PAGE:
What grabbed me was that this individual went from sharecropping to being honored by President Obama. Imagine being able to live that long. We're not even talking about the different attitudes that he had to deal with as a butler in the White House… You know, think about the difference between working for Kennedy and Reagan. And we're not talking about everything in between. The movie is a reflection of what our people have gone through, historically. And I think it's important right now. Even the things that people may not like, it'll raise discussions that need to be raised in our communities right now. I think the thing I'm proudest of with this film is that [it starts those conversations], but it's not in a way that's all fire and brimstone. There's a lot of funny aspects that help brighten up the horrible conditions that our people have gone through in America.
Do you think those funny moments make the film more accessible and easier to swallow?
Yeah, but I don't think it does it for the sake of comedy. I don't care what situation you go through, you find one moment. I remember my friends in Jackson, Mississippi got ran over. They were pushing a cart out in the street, and they all ended up getting hit. One of the dudes lost his leg, and while they were on the ground bleeding he looked over and said, "Damn, the day started out good, didn't it?" [Laughs] If you can find joy in a moment like that… There has to be breaks in the learning process.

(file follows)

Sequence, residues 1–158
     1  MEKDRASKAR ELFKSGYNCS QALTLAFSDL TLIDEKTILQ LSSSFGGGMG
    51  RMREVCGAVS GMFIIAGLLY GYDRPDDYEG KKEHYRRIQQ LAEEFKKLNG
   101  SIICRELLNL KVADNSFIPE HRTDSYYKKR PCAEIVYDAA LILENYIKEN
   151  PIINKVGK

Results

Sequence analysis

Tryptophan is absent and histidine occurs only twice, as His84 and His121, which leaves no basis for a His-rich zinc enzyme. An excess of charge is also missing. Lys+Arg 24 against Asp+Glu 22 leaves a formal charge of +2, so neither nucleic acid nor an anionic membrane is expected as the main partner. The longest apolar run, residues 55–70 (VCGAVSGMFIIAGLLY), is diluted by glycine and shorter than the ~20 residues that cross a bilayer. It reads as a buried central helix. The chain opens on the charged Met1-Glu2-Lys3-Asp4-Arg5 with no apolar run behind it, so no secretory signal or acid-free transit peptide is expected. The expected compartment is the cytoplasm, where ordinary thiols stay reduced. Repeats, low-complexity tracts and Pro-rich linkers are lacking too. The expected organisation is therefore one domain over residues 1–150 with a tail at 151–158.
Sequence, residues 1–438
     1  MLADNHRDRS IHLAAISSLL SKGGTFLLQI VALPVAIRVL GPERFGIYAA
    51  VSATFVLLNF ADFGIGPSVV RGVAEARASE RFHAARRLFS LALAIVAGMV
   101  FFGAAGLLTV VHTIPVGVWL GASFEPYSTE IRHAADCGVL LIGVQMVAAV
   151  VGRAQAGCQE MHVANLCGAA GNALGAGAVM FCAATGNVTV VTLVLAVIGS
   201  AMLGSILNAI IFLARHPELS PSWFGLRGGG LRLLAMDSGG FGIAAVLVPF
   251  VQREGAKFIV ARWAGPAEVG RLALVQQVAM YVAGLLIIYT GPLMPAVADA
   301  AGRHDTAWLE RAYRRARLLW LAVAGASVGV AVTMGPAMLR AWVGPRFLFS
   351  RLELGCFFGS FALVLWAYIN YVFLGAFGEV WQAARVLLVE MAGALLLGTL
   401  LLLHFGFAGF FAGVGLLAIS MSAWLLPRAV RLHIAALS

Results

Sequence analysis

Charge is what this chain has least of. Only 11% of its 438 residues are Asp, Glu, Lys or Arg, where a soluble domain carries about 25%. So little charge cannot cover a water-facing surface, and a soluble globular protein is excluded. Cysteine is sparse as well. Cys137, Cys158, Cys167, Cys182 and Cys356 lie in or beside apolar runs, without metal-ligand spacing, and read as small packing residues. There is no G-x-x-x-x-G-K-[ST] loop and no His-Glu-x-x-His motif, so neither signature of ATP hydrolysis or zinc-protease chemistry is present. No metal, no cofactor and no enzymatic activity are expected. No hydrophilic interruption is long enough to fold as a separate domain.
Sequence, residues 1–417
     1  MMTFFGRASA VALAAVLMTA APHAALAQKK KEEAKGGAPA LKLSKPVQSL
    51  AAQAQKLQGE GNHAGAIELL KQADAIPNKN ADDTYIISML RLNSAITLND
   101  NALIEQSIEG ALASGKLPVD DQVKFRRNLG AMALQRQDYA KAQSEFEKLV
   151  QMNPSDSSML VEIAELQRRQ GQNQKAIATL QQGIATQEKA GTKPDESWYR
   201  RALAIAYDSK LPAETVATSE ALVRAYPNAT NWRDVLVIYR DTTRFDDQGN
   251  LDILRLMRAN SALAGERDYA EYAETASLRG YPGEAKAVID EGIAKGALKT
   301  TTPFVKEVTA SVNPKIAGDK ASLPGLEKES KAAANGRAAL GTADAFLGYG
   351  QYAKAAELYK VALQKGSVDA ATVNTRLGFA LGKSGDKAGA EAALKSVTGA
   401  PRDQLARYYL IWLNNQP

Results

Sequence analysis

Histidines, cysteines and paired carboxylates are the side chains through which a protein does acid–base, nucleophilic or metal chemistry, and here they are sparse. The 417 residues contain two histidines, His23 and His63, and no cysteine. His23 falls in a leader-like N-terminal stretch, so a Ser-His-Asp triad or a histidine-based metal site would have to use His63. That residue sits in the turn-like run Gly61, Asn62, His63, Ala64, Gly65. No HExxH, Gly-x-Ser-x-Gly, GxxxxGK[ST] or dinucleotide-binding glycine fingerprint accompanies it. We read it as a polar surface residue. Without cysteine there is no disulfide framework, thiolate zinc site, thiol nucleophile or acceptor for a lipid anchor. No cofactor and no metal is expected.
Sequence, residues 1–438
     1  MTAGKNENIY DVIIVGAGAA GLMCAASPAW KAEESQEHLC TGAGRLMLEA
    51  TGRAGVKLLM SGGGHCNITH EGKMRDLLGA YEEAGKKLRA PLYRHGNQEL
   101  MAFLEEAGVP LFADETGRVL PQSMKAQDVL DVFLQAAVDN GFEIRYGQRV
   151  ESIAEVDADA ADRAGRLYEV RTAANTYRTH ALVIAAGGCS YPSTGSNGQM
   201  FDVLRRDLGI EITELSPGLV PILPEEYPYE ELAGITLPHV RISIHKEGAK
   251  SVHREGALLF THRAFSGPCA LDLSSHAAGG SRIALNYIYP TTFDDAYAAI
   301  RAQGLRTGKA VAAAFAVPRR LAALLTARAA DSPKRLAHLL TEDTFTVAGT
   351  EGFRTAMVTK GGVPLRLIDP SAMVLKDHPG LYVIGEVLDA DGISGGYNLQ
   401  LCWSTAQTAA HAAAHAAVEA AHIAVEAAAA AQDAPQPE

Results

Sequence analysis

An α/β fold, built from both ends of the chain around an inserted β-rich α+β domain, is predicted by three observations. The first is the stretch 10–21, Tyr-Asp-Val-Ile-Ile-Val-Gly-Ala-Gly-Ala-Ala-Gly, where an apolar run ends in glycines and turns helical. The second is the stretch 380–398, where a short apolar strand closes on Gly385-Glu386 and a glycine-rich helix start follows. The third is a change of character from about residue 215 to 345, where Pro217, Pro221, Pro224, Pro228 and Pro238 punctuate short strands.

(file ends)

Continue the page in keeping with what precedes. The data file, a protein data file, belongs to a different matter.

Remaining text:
Tell me about how The Butler differs from some of the recent films you mentioned that commodify Black culture and play to its stereotypes.
This film tells a story from our perspective, you know? Whenever another race of people tell stories about a different race, they have to digest it and get it from an outsider's perspective. Whether good or bad—because some people do a good job—it's not genuine. It's very hard for a man to really express how a woman feels. It's impossible. You can relate, but to a certain degree, it'll never be done right unless it's done by the person who's going through the pain. It's wonderful for people to open that door, but it's our responsibility to tell that story for our people and reap the benefits of telling those stories. I gave this example recently… I said, it's amazing that America brought slaves here, worked them for free, released them without any benefits and then taxed them. It's similar to people who write these stories about us. We experienced this pain, and then people turn around and capitalize from giving the story right back to us.
Why was Lee Daniels the right person to make this movie?